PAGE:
Airlines are a reasonable example. Do you know anyone who thinks the excessive and capricious baggage fees most carriers are anxious to charge are a good idea? I’ve asked that question before groups of hundreds; apart from a few people with a specific viewpoint to represent, I’ve yet to get an affirmative response. I’ve never even heard of such a response.

The “ATM machine in the sky” approach to airline pricing is a major profit contributor, but it wasn’t designed to please the consumer.

If travel purchasers received everything they wanted by removing intermediaries, they’ve had the past 18 years (since the availability of Internet-based tools) to eliminate travel management companies, on-line travel sellers, and corporate travel departments. There remain necessary services that suppliers can’t or won’t provide.

Listen Here!

Travel management companies usually fail the “customer service” test as well. Even the most sophisticated are good at order-taking, exceptional at listening to customers (much better than vendors), tepid at data analysis and product innovation that addresses real customer needs, and non-existent at informed communication–when was the last time you received a newsletter or e-mail bulletin from a TMC that wasn’t an immediate, no-consequence throw-away?

Customer relationships are the product of continued, frequently arduous investment. They are earned, not simply claimed. Intermediaries such as TMCs and OTAs are valuable travel management participants because they meet real needs, despite their own failings.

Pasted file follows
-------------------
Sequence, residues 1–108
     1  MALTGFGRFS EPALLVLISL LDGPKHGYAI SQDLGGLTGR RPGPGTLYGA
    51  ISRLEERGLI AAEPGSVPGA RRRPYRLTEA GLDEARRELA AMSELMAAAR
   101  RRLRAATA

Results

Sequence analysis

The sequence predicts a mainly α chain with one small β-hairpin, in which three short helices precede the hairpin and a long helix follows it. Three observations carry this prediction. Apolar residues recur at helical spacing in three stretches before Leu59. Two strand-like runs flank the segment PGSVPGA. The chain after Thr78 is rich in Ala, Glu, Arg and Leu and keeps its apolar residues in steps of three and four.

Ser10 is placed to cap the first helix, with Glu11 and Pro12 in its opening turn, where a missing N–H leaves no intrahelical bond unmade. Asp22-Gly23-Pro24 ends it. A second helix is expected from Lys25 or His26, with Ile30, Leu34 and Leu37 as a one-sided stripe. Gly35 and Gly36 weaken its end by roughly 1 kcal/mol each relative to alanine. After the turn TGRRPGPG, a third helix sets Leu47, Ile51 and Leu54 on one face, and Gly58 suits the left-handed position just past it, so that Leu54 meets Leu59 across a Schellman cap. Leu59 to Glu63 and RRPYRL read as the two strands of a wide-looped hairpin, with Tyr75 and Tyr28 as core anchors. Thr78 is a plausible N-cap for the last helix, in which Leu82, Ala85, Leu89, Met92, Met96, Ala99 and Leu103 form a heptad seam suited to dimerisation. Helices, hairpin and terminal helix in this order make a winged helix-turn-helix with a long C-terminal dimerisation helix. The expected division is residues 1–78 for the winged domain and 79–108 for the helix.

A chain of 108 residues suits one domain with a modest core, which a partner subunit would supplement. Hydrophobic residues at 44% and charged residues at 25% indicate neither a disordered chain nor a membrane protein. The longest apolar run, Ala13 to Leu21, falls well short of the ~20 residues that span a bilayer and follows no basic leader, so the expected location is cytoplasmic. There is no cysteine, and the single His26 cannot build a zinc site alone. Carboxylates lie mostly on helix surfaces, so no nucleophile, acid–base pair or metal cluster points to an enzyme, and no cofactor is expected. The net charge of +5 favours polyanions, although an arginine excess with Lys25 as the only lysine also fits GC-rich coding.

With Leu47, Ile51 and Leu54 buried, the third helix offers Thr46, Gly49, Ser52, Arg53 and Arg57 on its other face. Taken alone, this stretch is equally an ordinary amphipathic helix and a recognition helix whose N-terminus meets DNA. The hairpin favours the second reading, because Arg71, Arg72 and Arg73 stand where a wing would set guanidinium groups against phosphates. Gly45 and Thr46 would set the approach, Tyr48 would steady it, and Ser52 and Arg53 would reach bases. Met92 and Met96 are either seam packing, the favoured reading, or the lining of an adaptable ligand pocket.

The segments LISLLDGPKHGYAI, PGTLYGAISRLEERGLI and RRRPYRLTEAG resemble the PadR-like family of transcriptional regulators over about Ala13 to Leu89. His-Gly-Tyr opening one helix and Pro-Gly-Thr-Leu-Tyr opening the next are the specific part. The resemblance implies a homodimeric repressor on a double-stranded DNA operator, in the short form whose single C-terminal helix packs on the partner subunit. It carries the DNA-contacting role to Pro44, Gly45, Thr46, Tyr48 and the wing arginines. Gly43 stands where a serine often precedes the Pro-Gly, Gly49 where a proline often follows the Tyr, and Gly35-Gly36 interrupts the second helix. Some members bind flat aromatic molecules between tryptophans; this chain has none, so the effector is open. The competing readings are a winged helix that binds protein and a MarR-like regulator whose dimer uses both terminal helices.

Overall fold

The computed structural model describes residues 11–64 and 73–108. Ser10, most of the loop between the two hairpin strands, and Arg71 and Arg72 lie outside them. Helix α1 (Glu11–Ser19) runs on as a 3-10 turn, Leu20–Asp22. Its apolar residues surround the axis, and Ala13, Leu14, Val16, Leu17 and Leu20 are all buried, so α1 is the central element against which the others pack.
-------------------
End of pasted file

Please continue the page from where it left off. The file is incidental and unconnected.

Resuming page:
Efforts to change that without adding equivalent value are destined to the growing list of management theories that simply don’t apply to this industry.

Improving Travel Industry Research

Once again a new year brings another round of what passes for industry research. Although notoriously over-surveyed, the travel industry remains awash in bad data, ill-conceived and poorly executed research projects, and self-serving studies that are relevant more to the next round of funding or the next newsletter sale than to developing a real understanding of markets and trends.

Eventually the industry may get better at labeling useless research for what it is (the trend is not positive, however), but for now the very few good studies routinely drown amidst the hyperbolae of research that can’t connect with real insight–or those that connect all too well because the result was fairly evident before the process began.

Nowhere is the problem more acute than in the online travel and social media worlds. High-priced research typically reinforces conventional wisdom and assumptions while key customer and behavior questions remain unresolved.